4 responses to “A Meditation for the New Year: Melancholy and Hope”

  1. Thank you, Clay. You always ask important questions that relate to our modern experience. Calvin’s determinism did not keep Calvinists from frenetic activity. Perhaps to confirm their election. The Calvinism I inherited was anything but quiet repose. In my home, Abraham Kuyper was next only to Jesus.
    CS Lewis observes that asking how much do we and how much does God contribute to salvation is akin to asking which blade of a scissor is more important. As I reflect on my 80 years, increasingly I think life is more gift than achievement. My efforts were no more than good works God had already prepared for me to do. My whole life I prayed in the morning, “Give us this day our daily bread”, went to work and in the evening thanked God for his provisions, without a hint of contradiction. Certainly not on an emotional level. It is only when human behavior is deconstructed for logical analysis that implausibility surfaces.
    The gospel teaches both grace and human responsibility. Earlier in my life the parable of the talents meant much. I determined to not bury my talent. Now, the parable of the workers in the vineyard speaks more to me. In the end it is all grace, but grace does not nullify works. It is the balance that matters. Someone tells me Berkouwer is very strong on the correlation of God’s and human action. Humans work, but it is God in them who also works. Our contribution is a gift from God.

    I am not suggesting that your position is different, I am merely relating how I experience it. You hint at going beyond Calvin and that I don’t see. You write: “Calvin never quite got to a view of providence that allows both for God’s fatherly hand and for human choice.” If so, why are Calvinists so active? When you give an example it seems a description of quiet pietists, not Kuyperian Calvinists. Or, is that strain extinct?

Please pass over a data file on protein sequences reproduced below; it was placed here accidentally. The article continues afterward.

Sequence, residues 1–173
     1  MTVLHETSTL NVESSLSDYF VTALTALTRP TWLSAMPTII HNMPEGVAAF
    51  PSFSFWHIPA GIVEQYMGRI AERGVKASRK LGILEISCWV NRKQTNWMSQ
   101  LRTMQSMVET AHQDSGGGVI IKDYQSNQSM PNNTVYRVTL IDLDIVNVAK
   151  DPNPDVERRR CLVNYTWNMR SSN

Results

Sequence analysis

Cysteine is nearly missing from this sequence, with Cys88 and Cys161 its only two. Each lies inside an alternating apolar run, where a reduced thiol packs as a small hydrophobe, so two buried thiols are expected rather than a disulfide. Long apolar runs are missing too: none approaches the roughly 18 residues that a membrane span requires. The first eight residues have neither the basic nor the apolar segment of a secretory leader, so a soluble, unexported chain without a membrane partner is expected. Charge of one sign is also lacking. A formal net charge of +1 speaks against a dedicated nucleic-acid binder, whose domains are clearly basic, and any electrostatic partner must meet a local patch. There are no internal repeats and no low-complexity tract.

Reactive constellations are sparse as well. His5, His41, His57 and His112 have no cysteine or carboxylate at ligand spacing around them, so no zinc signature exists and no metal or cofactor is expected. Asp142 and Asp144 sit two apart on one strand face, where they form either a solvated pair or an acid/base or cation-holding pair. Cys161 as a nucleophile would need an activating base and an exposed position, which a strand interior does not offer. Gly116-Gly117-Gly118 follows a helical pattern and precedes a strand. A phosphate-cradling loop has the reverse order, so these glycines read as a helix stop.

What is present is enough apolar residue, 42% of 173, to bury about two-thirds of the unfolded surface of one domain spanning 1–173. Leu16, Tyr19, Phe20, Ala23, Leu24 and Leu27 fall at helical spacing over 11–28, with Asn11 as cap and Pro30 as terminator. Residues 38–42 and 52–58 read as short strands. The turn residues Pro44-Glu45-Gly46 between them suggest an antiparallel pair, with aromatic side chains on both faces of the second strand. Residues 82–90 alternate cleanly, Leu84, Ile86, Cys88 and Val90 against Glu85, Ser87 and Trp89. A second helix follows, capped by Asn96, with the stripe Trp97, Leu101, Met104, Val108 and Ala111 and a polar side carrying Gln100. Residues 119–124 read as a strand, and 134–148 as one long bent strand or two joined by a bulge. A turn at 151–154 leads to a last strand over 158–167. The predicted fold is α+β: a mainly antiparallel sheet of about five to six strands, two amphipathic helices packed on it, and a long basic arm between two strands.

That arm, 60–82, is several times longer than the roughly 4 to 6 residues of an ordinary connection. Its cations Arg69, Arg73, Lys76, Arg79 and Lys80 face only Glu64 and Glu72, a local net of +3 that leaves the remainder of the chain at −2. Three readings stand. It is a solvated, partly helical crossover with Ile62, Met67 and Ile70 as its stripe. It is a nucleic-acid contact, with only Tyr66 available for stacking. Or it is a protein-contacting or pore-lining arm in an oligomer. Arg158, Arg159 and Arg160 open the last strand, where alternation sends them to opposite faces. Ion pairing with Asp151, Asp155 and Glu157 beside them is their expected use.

The problem with the HSR, as I see it, is not grounding human behavior in the creation order, but the failure to recognize that all social structures, including marriage, have a form and a norm. The HSR idolizes a particular form, failing to allow the possibility that same-sex relationships might, under certain circumstances, answer the norm for marriage.

    Thank you!

    • Thank you, Nick. I do think that Calvin’s chapters on providence are a bit of a mess. As I see it, Calvin’s theological instincts were better in this case than his analysis. We shouldn’t be surprised that people who believe a deterministic view of providence or, for that matter, of election pay little attention to those beliefs in how they live. What those doctrines do in Calvinist theology is that they give people–us–a certain freedom of action. As you note, we are free to act without worrying about our failures. God’s success does not depend our success. That’s what people heard in Calvin, and that’s what led to the Calvinist penchant for full engagement with life. I think that in this way Calvin set a good direction, even if he never really worked out how to give a coherent account of his position. Does that make sense? Clay

      • Thank you, Clay,

        Who of us can give a coherent account of God’s self revelation? If we could there would be no need for faith. We would simply know it all. Paul promises that we will, but not here and now. Please keep sharing your musings and struggles. May God bless you and all of us through you.